Cultivating deeper connections across diverse teams

Everything we have achieved in 2023 we owe to our teams — the engines behind our work which changed, evolved, and grew significantly over the course of the past year. To help us reach our ambitious scaling goals, in January 2023, we unveiled a new operating model where we reimagined team structures, roles, and ways of working. 

“As people settled into their roles and found their rhythm, I saw people start shifting to a scale mindset and collaborating more across teams,” shares Dr. Seema Murthy, the executive director of our India team. 

In both Indonesia and Bangladesh, we started the year with small teams that grew exponentially bigger over time. Arefin Islam, our country director in Bangladesh adds, “With people coming in from diverse socio-cultural backgrounds and areas of expertise, this year, we experimented with new ways of thinking and doing, allowing us to collectively build our strength as a team.”

This is not to say that there weren’t growing pains. The year was both challenging — in terms of our ambitious impact goals and rapid organizational growth — but also exhilarating and confidence boosting as people rose to the occasion and came together to surpass anything we could have ever imagined. “It’s been a cycle of learning-doing-growing across the organization, but especially for us in Indonesia, where we launched our program in September,” says Asken Sinaga, who recently joined us as the country director. 

Through this whirlwind of change, the one constant has been our values of accountability and equity.

“Beyond the technical expertise of the team, I think the secret ingredient behind our impact has been the respect and empathy with which we communicate with all our partners,” adds Arefin. “I remember this moment post a four-day training workshop where I overheard a group of nurses talking about how they had attended many training sessions during their career, but Noora Health’s was the only one that gave them love, sincerity, and affection. They said it motivated them to keep conducting sessions with patients and caregivers.”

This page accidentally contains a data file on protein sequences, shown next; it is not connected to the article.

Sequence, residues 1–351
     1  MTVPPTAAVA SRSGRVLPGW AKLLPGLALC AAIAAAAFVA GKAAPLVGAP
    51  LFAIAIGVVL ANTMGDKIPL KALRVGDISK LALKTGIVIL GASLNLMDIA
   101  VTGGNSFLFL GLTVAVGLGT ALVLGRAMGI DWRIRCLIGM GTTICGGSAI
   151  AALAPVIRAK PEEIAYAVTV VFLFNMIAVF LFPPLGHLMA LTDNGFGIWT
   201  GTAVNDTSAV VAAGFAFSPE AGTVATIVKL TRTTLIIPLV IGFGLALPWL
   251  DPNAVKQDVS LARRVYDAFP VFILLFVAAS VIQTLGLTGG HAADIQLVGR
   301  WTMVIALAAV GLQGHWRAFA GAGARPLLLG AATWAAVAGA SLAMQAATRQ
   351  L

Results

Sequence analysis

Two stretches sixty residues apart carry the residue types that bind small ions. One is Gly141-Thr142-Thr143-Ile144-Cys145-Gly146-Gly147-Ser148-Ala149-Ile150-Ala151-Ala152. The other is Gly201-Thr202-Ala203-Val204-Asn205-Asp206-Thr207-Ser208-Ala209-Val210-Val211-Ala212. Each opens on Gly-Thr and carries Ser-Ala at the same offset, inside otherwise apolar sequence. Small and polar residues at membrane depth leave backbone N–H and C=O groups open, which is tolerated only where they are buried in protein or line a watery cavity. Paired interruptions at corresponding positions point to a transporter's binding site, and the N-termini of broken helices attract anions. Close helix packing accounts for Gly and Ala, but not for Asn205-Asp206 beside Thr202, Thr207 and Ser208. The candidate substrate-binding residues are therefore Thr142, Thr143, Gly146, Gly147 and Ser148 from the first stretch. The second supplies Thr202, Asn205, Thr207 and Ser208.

Needless to say, 2023 has given us a lot to celebrate, reflect upon, and look forward to as we commemorate 10 years of Noora Health in 2024. In Bangladesh, where our programs have been running for two years, we’re excited to see the results from a research study, which will be an important piece of evidence to advocate for including caregivers within health systems. We will continue to adapt and customize our model to the needs of Indonesia’s health system, strengthening team foundations along the way. And finally, in India, we’re looking at how to make the CCP more sustainable and reach more communities, via integrating it further into public systems or exploring working with private systems more. 

“My biggest takeaway from this year has been: Be bold and strategic. If you have big dreams (like we do!) you cannot be overly cautious. You have to take calculated risks and be open to the possibility of failure — things may go your way one day and not another,” concludes Seema. “It’s with this spirit and renewed commitment to our mission that we’re entering 2024 and everything it has in store for us.”